The Immigration Department often takes four to six weeks to approve a new visa for a helper, but sometimes this can stretch to three months, meaning the helper has to bear the cost of living in overcrowded boarding houses arranged by employment agencies. It is not unusual to find eight or 10 individuals crammed in one room, sharing bunk beds or sleeping on foam mattresses on the floor, with poor ventilation and sharing limited bathroom facilities. When a number of helpers staying in such boarding houses tested positive for Covid-19 at the height of the third wave, this only increased the discrimination and stigmatism they routinely face.
For years, migrant worker advocacy groups have been urging proper government regulation of boarding facilities, such as limiting the number of people allowed in a room and sharing a bathroom, and ensuring a minimum distance between beds. At present, there is simply no effective monitoring system.
The International Labour Organization, of which Hong Kong is a member, has been urging governments to pay close attention to the needs of migrant workers during the pandemic. In a recent statement, it said: “Protecting the health and livelihoods of migrant workers will also ensure the public health and wellbeing of local populations. Therefore, integrated approaches that include migrant workers in national social protection responses, in line with international human rights, international labour standards and the ILO Centenary Declaration for the Future of Work, and that are based on the principles of equality of treatment and non-discrimination, will play an important role in mitigating the effects of Covid-19 and support a swifter recovery.”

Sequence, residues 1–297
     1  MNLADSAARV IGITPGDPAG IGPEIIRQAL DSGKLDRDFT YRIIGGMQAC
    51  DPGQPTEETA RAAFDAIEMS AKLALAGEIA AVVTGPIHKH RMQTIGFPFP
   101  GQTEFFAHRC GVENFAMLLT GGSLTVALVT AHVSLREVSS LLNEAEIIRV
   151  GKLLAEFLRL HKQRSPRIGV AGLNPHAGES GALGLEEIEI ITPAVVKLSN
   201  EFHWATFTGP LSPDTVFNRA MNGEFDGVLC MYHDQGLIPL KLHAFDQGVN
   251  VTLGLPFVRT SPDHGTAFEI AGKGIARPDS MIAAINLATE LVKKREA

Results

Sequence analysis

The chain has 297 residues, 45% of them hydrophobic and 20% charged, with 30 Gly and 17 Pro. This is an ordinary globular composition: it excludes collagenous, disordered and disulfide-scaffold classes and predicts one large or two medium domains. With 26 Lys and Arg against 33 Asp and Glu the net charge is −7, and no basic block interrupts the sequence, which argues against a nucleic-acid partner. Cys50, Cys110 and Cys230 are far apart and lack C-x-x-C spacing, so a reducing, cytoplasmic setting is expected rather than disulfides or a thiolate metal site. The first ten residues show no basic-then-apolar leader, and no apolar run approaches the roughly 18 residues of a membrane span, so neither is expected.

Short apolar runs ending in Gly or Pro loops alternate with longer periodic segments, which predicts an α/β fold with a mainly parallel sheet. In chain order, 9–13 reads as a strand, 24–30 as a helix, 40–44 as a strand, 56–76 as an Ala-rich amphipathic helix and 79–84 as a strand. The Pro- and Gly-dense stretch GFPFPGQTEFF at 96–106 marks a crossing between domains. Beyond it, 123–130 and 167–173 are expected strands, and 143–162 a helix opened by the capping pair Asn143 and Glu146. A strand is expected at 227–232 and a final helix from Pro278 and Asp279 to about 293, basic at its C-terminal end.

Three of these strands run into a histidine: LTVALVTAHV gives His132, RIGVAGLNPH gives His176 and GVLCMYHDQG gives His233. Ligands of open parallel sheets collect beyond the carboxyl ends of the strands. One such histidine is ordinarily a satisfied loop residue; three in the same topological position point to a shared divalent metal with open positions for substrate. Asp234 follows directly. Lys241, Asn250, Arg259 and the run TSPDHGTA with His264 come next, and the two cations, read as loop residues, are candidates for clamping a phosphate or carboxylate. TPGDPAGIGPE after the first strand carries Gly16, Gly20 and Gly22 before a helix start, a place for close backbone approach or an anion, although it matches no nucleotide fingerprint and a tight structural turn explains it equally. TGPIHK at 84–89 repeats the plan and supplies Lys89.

Domestic helpers and other migrant workers are entitled to, and deserve, equal treatment as our city seeks to combat the ongoing global health emergency. To echo the UN Secretary-General, we should not leave them clinging to floating debris.
Melville Boase retired from Boase Cohen & Collins in 2019, some 34 years after co-founding the firm with Colin Cohen. He has been treasurer of the Mission for Migrant Workers in Hong Kong since 1981 and remains a tireless campaigner for social justice. He can be contacted at firstname.lastname@example.org.
Amid ongoing social distancing regulations, domestic helpers gather in Central on their day off.